Last month I asked my friends to write about books they loved (you can read all the essays here). This month, I invited them to write about their favorite graphic novels, and they selected some excellent titles. I hope you enjoy them! (Read all the Great Graphic Novel essays here.) — Mark
It’s A Good Life, If You Don’t Weaken, by Seth
An old fashioned looking guy (wearing a vintage overcoat, a hat and a pair of round eyeglasses) weaves his way through the snow to a second-hand bookshop in Ontario. He is obsessed with comic books, gag cartoons and newspaper strips of the past. Everything he does reminds him of situations and characters conjured up by Charles Schultz, Dr. Seuss, Hergé and other classic cartoonists. Fantasy merges with reality. The past merges with the present. Art merges with life. This artist can’t help himself. He collects the good old stuff.
It’s A Good Life, If You Don’t Weaken by Seth (a.k.a. Gregory Gallant) is dedicated to his mom Violet who repeated those words often. She didn’t invent the phrase; it has been around for a while. In fact, artist Gene Byrnes drew a cartoon called It's a Great Life If You Don't Weaken from 1915 to 1919 for the New York Evening Telegram and the phrase was a rallying cry for American soldiers during the first World War.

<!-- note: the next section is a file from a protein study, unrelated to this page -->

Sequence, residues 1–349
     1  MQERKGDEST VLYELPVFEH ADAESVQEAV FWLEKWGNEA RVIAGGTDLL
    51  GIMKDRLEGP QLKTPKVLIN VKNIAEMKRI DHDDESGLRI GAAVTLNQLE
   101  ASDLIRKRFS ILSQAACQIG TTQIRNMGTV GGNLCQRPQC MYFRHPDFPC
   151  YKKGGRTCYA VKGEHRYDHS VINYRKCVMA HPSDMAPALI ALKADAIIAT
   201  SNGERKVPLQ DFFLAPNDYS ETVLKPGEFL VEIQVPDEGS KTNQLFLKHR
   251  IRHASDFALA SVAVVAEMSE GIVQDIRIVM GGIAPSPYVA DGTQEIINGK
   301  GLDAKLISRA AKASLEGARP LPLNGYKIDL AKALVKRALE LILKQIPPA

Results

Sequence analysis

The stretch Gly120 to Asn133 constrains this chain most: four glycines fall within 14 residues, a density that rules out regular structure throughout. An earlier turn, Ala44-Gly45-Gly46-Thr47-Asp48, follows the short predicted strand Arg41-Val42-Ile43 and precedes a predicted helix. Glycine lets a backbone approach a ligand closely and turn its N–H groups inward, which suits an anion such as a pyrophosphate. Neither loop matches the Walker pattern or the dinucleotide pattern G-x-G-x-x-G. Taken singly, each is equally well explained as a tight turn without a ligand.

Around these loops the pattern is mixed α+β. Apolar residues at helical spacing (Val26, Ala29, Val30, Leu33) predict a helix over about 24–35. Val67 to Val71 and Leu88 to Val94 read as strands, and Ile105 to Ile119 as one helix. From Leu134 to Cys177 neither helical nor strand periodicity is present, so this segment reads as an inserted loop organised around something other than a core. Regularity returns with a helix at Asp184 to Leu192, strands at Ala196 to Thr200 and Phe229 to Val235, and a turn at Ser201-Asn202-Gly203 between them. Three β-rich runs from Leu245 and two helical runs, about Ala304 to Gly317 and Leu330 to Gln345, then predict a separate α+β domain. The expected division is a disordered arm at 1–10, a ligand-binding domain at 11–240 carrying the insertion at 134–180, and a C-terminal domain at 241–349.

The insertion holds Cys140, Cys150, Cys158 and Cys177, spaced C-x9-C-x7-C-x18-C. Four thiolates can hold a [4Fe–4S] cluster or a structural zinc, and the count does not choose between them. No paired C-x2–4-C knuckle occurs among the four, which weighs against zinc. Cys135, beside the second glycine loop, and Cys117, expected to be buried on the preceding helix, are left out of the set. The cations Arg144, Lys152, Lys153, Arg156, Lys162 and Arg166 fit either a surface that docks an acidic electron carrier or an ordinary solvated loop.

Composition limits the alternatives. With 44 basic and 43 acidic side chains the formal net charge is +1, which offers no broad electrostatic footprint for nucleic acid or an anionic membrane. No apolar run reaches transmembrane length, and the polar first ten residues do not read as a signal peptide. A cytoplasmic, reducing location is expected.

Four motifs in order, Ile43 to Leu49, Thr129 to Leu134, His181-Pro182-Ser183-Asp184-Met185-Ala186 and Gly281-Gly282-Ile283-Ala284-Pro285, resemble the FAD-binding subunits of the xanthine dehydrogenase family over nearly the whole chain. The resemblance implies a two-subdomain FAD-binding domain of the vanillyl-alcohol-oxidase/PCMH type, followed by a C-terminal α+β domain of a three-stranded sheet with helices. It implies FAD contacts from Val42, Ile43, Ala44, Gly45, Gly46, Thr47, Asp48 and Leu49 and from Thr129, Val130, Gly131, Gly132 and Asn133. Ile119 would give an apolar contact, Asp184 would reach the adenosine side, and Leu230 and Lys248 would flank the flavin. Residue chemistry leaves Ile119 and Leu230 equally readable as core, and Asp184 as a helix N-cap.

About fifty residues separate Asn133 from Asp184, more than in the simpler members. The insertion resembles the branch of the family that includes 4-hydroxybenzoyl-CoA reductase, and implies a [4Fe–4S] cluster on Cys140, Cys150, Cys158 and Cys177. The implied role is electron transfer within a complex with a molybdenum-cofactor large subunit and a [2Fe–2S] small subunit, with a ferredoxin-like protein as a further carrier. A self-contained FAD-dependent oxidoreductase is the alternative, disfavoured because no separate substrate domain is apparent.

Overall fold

The title of the book has an air of melancholy about it, as does the main character’s habit of mulling over things. He thinks too much. Seth drew himself as the protagonist and we are privy to his thoughts (this book is written in the first person). Clearly nostalgic for the comfortable little things of his childhood, he doesn’t like change. Change depresses him. He likes the worn-down look of old things. He is annoyed by change and he is annoyed by people. He lets us know exactly how he feels. Seth’s memories of childhood moments are “sealed in amber” like his mom’s house and feel “safe” to him like the cardboard boxes he used to crawl in as a kid.
As I sit there reading this book (on my front porch under the butternut tree), I flash back to huge stacks of dog-eared Archie and Little Lulu comics. I see myself rocking back and forth on my grandmother’s porch swing, sucking on hard candies and reading those comics. Every so often, I would squint outside at my grandfather, working in his sunny rose garden. Life was good. I never imagined that the scene would ever change or that the house would one day be sold. Golden memories “sealed in amber,” as Seth would say.